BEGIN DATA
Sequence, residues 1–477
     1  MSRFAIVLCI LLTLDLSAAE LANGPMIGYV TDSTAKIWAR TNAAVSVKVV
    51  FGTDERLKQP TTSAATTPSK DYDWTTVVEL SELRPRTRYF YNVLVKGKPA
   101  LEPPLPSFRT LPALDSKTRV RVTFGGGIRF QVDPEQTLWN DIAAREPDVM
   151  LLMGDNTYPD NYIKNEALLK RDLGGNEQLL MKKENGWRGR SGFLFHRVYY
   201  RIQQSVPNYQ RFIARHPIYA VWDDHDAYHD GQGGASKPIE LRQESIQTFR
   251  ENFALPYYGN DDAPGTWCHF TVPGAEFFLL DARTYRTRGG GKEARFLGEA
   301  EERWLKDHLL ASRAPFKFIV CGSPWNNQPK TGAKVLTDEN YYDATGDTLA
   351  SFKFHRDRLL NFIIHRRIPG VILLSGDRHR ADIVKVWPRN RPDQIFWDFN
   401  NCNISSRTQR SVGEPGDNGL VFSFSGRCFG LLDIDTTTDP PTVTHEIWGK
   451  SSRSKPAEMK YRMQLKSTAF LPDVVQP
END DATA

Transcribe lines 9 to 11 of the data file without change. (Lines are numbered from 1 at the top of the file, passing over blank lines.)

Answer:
   351  SFKFHRDRLL NFIIHRRIPG VILLSGDRHR ADIVKVWPRN RPDQIFWDFN
   401  NCNISSRTQR SVGEPGDNGL VFSFSGRCFG LLDIDTTTDP PTVTHEIWGK
   451  SSRSKPAEMK YRMQLKSTAF LPDVVQP